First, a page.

In a line of bantam chicken with a genetic mutation leading to constitutively active aromatase enzyme activity and hence ectopic oestrogen synthesis, both sexes show female-type (‘henny’) feathering [George and Wilson, 1980; Matsumine et al., 1991]. In seasonally breeding passerines (perching birds) testosterone is important for male plumage [Lindsay et al., 2011].

Sex reversal of the plumage can therefore occur when sex steroid levels are disturbed, through gonadal disease, for example. Sex steroid hormones also play well established roles in sexual differentiation of the avian brain, although there is evidence for direct genetic control of the song centre, in at least some birds [Arnold, 1996; Agate et al., 2003].

Photograph of a gynandromorphic chimera chicken, left = male, right = female, with characteristic differences in plumage, wattle, spur, and breast musculature (A). Schematic illustration of the cellular make-up of this gynandromorphic chicken with ZZ and ZW cells distributed predominantly on the respective ‘male’ and ‘female’ sides (B). Reproduced from Clinton et al. [2012] with permission from Springer.

http://www.karger.com/WebMaterial/ShowPic/515906

CASI is also supported by our recent studies showing that male (ZZ) chicken embryos, chronically overexpressing aromatase and elevated serum oestrogen levels, nevertheless develop male-type sexual dimorphisms as adults [Lambeth et al., 2016a].

Meanwhile, chronic overexpression of AMH at embryo stages in chicken can block gonadal sex differentiation and sex steroid synthesis, yielding adult birds that have a mixture of male and female traits [Lambeth et al., 2016b].

In these birds, body weight conformed to genetic sex, for example, despite a blockage in gonadal sex differentiation and sex steroid hormone synthesis [Lambeth et al., 2016b].

These most recent studies support the proposal that sex in birds may be at least partially cell autonomous [Clinton et al., 2012]. Hence, DMRT1 dosage may underlie the direction of gonadal sex differentiation in embryos, while differentiation of other sexually dimorphic structures may involve other Z-linked genes as DMRT1 is not expressed outside the gonads.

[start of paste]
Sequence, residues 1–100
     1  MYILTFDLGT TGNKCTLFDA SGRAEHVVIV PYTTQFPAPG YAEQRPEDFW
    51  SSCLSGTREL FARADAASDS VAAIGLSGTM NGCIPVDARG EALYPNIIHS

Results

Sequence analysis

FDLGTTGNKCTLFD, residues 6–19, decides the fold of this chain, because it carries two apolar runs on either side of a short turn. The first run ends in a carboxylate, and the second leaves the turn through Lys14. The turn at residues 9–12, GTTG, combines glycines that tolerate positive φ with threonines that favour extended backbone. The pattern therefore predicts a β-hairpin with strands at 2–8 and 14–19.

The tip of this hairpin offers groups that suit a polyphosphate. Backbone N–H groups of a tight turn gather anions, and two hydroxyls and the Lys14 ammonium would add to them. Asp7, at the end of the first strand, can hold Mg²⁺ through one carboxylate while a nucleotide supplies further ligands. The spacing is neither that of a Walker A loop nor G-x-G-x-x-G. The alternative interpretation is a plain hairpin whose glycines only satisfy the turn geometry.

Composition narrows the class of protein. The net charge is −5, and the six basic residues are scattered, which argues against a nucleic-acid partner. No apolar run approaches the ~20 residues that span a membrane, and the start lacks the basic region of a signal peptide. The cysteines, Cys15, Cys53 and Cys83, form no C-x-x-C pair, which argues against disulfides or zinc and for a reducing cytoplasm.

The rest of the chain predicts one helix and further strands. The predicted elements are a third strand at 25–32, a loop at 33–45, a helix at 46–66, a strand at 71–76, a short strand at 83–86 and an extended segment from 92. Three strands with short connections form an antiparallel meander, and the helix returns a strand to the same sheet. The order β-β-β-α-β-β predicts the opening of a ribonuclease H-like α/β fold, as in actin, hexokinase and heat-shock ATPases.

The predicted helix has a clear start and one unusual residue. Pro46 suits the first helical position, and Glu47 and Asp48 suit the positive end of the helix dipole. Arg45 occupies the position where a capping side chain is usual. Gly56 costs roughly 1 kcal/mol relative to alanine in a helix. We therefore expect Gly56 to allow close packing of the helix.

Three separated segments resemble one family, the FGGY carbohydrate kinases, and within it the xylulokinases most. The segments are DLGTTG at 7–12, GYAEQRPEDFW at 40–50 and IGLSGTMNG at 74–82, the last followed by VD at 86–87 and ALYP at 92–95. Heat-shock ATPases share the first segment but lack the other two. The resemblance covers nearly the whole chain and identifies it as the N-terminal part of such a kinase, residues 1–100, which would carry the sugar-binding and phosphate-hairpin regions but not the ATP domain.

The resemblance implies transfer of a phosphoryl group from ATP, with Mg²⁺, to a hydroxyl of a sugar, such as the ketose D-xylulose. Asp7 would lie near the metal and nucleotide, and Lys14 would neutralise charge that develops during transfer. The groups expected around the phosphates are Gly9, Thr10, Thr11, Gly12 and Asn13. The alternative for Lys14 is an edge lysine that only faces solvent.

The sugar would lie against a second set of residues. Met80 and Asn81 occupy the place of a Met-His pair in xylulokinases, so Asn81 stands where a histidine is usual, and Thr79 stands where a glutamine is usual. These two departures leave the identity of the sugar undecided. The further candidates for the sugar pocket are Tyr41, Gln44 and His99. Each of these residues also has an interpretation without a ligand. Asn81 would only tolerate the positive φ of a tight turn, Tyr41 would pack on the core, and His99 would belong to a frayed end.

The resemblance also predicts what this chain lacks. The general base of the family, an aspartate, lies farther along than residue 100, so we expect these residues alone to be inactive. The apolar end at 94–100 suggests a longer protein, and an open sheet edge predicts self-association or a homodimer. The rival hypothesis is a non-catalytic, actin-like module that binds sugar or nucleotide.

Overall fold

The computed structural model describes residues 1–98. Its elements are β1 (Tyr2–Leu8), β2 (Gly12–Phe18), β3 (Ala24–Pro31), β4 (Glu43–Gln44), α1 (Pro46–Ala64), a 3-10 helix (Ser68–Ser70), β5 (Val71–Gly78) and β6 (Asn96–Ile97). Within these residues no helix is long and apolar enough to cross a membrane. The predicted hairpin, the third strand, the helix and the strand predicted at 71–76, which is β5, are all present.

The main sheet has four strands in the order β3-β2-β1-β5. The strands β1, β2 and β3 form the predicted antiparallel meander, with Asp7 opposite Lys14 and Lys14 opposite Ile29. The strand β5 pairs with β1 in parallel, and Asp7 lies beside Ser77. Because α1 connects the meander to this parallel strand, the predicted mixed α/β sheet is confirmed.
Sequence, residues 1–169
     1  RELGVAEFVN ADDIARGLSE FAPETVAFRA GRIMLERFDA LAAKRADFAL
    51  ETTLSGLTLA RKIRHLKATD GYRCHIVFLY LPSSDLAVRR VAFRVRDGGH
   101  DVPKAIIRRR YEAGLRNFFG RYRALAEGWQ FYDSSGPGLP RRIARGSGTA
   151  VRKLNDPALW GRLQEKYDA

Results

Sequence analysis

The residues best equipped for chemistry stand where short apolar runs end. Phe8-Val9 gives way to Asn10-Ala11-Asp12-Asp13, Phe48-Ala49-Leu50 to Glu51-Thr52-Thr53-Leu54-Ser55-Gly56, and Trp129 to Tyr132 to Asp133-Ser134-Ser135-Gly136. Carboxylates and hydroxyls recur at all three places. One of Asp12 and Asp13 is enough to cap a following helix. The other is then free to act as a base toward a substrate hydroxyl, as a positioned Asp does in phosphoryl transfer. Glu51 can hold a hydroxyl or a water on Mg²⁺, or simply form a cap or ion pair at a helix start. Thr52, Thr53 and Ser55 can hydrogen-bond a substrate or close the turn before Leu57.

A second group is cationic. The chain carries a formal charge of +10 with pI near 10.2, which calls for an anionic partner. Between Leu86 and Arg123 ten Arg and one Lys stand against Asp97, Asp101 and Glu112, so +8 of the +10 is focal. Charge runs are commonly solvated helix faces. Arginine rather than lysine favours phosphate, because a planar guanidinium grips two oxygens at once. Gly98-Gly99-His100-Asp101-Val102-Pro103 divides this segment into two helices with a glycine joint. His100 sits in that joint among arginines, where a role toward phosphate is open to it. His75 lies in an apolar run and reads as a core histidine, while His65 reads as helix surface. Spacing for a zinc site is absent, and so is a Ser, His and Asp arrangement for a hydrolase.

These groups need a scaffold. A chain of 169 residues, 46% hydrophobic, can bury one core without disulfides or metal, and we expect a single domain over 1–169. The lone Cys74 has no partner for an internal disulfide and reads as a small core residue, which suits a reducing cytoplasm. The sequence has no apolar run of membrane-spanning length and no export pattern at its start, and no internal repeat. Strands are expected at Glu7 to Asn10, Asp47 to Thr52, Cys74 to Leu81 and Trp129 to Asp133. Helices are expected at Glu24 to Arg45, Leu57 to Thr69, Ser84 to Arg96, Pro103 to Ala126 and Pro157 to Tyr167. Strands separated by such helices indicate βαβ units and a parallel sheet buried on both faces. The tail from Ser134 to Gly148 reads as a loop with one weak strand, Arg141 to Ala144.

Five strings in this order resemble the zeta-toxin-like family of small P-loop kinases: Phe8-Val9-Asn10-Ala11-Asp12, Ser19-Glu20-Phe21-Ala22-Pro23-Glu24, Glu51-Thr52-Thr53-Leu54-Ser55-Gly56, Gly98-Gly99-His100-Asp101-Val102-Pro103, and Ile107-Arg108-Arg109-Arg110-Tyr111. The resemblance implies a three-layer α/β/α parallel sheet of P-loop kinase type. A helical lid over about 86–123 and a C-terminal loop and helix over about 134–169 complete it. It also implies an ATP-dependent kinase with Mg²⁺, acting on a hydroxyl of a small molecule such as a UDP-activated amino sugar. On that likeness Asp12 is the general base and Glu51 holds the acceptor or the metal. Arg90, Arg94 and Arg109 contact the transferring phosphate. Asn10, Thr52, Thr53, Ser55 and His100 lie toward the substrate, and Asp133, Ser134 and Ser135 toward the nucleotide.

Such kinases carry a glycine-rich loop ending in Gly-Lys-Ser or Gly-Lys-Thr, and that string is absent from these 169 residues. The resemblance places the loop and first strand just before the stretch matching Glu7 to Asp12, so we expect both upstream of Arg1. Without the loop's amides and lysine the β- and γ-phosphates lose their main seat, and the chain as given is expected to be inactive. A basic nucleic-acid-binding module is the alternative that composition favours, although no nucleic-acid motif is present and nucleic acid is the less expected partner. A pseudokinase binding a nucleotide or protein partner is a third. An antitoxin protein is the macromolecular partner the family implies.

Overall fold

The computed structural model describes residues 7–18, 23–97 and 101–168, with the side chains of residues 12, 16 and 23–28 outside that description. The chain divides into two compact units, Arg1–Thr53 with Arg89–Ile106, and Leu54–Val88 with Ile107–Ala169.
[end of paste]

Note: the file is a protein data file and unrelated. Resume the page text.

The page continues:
However, how can this cell autonomy data be reconciled with the fact that a blocking oestrogen action in chicken embryo leads to robust masculinisation of birds?

It has been noted that such hormonally sex-reversed birds are not totally masculine, with comb, wattle, and other features that are not fully male, or that sex reversal is often temporary, thus pointing to a role for direct genetic factors [Clinton et al., 2012]. Our own recent data on experimentally sex-reversed gonads (by blocking AMH or chronically expressing aromatase genetically) support this view. Figure 4summarises the role of direct genetic versus hormonal signalling in avian sex determination and sexual differentiation.

Fig. 4

Model for sex determination and sexual differentiation in avians. Avian sex is determined at fertilization by the inheritance of sex chromosomes (male = ZZ; female = ZW), leading to sexually dimorphic gene expression and subsequent sexual differentiation.

http://www.karger.com/WebMaterial/ShowPic/515905